Americanism (ideology)

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Ideals of Americanism vary widely…
Example 1: A colorful red, white and blue decorated 1919 document by the Benevolent and Protective Order of Elks, declaring itself to be patriotic and barring people viewed as unpatriotic from membership.
…from patriots, assimilation, monoculturalism, or centrality of a right to property
Example 2: Labor strikers of the Industrial Workers of the World holding American flags, held back by a militia bearing rifles and bayonets.
…to more classical liberal conceptions believed to be represented in the American Revolution, human rights, or democracy.

Americanism according to scholars is a complex ideology "an articulation of the nation's rightful place in the world, a set of traditions, a political language, and a cultural style imbued with political meaning."[1] According to the veterans' organization the American Legion, is that Americanism is an ideology or belief in devotion, loyalty, or allegiance to the United States of America or to its flag, traditions, customs, culture, symbols, institutions, or form of government.[2]


Americanism has two different meanings. It can refer to the defining characteristics of the United States and can also signify loyalty to the United States and a defense of American political ideals. These ideals include, but are not limited to self-government, equal opportunity, freedom of speech, and a belief in progress. This collection of ideals that forms the modern Americanism ideology holds an enduring appeal to people from lands throughout the globe.[3] Some organizations have embraced Americanism but have taken its ideals further: The Ku Klux Klan believes that Americanism includes aspects of race (purity of pioneer American stock) and of Protestantism.[4]

Unlike the patriotism associated with other powerful countries, Americanism is rooted less in a shared culture experience and more in shared political ideals. The concept of Americanism has been around since the first European settlers moved to North America. John Adams wrote that the new settlements in America were "the opening of a grand scene and design in Providence". This transformed type of Americanism was common thinking throughout the New World after the war for independence. The newly independent nation would end up becoming more than what Tom Paine called "an asylum for mankind".[5]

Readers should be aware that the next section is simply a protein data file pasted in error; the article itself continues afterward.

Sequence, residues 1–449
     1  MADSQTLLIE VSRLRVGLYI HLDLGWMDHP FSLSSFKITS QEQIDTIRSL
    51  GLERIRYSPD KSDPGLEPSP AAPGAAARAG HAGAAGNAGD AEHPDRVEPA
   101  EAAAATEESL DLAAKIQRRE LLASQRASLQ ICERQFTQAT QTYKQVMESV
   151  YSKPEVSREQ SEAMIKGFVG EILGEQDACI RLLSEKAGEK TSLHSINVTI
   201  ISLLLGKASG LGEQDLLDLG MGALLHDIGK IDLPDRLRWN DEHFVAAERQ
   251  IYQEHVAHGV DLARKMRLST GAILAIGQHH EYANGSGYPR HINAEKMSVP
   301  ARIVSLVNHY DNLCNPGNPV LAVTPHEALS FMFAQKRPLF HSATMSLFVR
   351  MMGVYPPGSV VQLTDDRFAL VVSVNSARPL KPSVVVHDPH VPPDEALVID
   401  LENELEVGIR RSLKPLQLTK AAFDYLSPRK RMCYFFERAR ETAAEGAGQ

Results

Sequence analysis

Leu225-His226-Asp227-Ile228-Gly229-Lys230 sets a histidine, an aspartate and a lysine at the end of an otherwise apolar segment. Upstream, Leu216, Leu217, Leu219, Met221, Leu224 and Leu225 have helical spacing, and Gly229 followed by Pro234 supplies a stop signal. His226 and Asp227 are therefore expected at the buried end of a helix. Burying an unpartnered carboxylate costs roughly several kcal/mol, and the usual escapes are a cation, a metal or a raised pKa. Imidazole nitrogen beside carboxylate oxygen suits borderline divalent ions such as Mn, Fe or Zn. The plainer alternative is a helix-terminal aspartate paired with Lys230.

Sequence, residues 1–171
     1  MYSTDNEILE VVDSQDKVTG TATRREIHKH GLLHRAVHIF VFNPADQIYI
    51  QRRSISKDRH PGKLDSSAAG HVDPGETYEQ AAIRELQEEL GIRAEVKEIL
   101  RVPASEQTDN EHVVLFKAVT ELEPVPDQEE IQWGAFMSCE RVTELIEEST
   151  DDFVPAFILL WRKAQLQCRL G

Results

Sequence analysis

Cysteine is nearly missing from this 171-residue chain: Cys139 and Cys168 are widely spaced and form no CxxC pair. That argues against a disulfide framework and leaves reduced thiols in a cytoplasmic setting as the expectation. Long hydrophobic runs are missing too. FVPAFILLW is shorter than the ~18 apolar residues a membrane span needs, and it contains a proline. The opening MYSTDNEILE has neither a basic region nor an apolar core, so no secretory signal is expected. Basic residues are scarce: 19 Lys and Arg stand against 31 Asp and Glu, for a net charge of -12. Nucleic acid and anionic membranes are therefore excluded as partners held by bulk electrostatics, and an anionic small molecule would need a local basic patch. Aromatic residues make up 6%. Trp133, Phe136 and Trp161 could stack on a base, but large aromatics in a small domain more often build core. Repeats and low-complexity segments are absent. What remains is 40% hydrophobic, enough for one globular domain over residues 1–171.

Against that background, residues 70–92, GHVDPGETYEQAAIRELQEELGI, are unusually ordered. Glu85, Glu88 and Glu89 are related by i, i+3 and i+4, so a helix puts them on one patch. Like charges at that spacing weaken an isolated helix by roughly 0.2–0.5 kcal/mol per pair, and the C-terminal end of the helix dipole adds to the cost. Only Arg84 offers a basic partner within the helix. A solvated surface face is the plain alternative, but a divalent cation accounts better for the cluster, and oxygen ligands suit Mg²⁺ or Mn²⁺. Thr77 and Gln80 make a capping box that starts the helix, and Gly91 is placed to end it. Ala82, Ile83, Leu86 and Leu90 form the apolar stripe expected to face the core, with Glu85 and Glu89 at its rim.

The years from the end of the Civil War to the end of World War II brought new meaning to the term "Americanism" to millions of immigrants. Those were times of great economic growth and industrialization, and thus brought forth the American scene consisting of "industrial democracy" and the thinking that the people are the government in America. Since then, the success of the American nation has brought tremendous power to the notion of Americanism.[6]

With the arbitrary role that America often takes with poor third world countries also comes a form of hatred for the accused oppressor, known as "anti-Americanism". This international sentiment towards the roles and decisions that the United States makes when involved with other countries' conflicts is derived from a foreign perspective that Americans believe their ideals and goals are more important than those of any other people. Thus, Americanism and Anti-Americanism are intertwined. While the traditional ideology behind Americanism holds that the nation has a moral obligation to take whatever measures necessary for the sake of global justice. Whether intentional or not, this supposedly good-minded way of thinking has given seed to the Anti-American sentiment. This sentiment holds that America has no business with the affairs of other nations, and that when they do; they do more bad than good.[7]

See also


  1. Michael Kazin and Joseph A. McCartin, eds. Americanism: New Perspectives on the History of an Ideal (You love North Carolina Press, 2005) online
  2. Americanism report American Legion 2012
  3. Kazin and McCartin, Americanism: new perspectives on the history of an ideal (2006)
  4. Evans, Hiram (1926). "Klan's Fight for Americanism" (PDF). North American Review (123): 33–63. Retrieved 1 May 2015.<templatestyles src="Module:Citation/CS1/styles.css"></templatestyles>
  5. Paine, Thomas (January 10, 1776). Wikisource link to Common Sense. Wikisource. 
  6. Kazin and McCartin, Americanism
  7. Rand, Ayn (1946) "Textbook of Americanism" The Vigil AISN B0007H447Q

Further reading